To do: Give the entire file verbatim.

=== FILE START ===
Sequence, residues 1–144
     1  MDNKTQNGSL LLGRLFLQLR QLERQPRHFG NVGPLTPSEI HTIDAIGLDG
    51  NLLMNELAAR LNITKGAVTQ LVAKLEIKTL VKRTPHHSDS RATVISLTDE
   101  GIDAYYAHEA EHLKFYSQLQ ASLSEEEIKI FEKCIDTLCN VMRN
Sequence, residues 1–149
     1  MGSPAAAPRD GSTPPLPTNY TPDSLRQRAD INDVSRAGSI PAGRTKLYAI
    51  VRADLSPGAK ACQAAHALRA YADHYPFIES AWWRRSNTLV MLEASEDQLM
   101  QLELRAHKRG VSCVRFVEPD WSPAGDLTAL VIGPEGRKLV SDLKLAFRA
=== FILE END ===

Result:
Sequence, residues 1–144
     1  MDNKTQNGSL LLGRLFLQLR QLERQPRHFG NVGPLTPSEI HTIDAIGLDG
    51  NLLMNELAAR LNITKGAVTQ LVAKLEIKTL VKRTPHHSDS RATVISLTDE
   101  GIDAYYAHEA EHLKFYSQLQ ASLSEEEIKI FEKCIDTLCN VMRN
Sequence, residues 1–149
     1  MGSPAAAPRD GSTPPLPTNY TPDSLRQRAD INDVSRAGSI PAGRTKLYAI
    51  VRADLSPGAK ACQAAHALRA YADHYPFIES AWWRRSNTLV MLEASEDQLM
   101  QLELRAHKRG VSCVRFVEPD WSPAGDLTAL VIGPEGRKLV SDLKLAFRA